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'Thank God I'm not dead': Malala's first thought after attack

London, Oct 6, 2013 (PTI):
Pakistan's Malala Yousafzai waves her RAW in War Anna Politkovskaya Award while giving a speech after receiving the award at the Southbank Centre in London. Reuters

"Thank God I'm not dead", was the first thought that came to the mind of a terrified Pakistani teenage rights activist Malala Yousufzai on waking up in a British hospital after being shot in the head by the Taliban.

Malala, 16, has stated this in her autobiography "I am Malala: The Girl Who Stood Up for Education and Was Shot by the Taliban", according to extracts of the book published in the Sunday Times.

In the extracts from her book which is to be published on Tuesday, Malala, the front-runner to win the Nobel Peace Prize to be announced on October 11, said she remembered almost nothing of the attack that took place on October 9 last year.


In the book, she gives an elaborate account of the time when she woke up in the hospital after the attack, saying, "I woke on October 16, a week after the shooting. The first thing I thought was, 'Thank God I'm not dead'.

"All sorts of questions flew through my waking brain: where was I? Who had brought me there? Where were my parents? Was my father alive? I was terrified. The only thing I knew was that Allah had blessed me with a new life," Malala is quoted as saying in the book by the paper.

Malala also gives an account of the deadly Taliban attack which was narrated to her by friends who witnessed the attack.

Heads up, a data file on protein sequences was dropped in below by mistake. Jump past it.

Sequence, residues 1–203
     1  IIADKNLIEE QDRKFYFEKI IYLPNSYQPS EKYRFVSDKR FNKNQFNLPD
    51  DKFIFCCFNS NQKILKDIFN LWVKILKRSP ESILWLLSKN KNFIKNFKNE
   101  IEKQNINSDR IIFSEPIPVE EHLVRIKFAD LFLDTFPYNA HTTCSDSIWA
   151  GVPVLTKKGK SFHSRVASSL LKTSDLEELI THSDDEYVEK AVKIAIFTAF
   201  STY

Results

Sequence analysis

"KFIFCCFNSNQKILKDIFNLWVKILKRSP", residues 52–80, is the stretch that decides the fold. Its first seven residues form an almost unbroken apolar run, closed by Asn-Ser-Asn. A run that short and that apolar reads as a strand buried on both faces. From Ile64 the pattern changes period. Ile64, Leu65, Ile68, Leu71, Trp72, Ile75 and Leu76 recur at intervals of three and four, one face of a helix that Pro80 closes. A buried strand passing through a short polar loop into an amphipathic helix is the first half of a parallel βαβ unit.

Describing the attack, Malala writes in the book that "a young bearded man stepped into the road and waved the van down. As he was speaking to the driver another young man approached the back.

"The man was wearing a peaked cap and had a handkerchief over his nose and mouth as if he had flu. He looked like a college student. He swung himself onto the tailboard at the back and leaned in right over us," Malala writes.

She then says that the man then demanded "Who is Malala?".

"No one said anything, but several of the girls looked at me. I was the only girl with my face not covered. That's when he lifted up a black pistol, a Colt .45. Some of the girls screamed. My friends say he fired three shots. The first went through my left eye socket and out under my left shoulder," she writes.


"I slumped forward onto Moniba (friend), blood coming from my left ear, so the other two bullets hit those near to me. One bullet went into Shazia's (friend) left hand. The third went through her left shoulder and into the upper right arm of another girl, Kainat Riaz," the extract from the book says.

Malala says in the book that her friends later told her the gunman's hand was shaking as he fired.

After the shooting that took place in the restive Swat valley, a Pakistani military neurosurgeon had carried out an emergency operation and then Malala was flown to the Queen Elizabeth hospital in Birmingham for further treatment.

Malala also recalls in the book that a doctor gave her an alphabet board and she spelled out the words "country" and "father".

"The nurse told me I was in Birmingham, but I had no idea where that was... The nurses weren't telling me anything. Even my name. Was I still Malala?" she was quoted as saying in the book.

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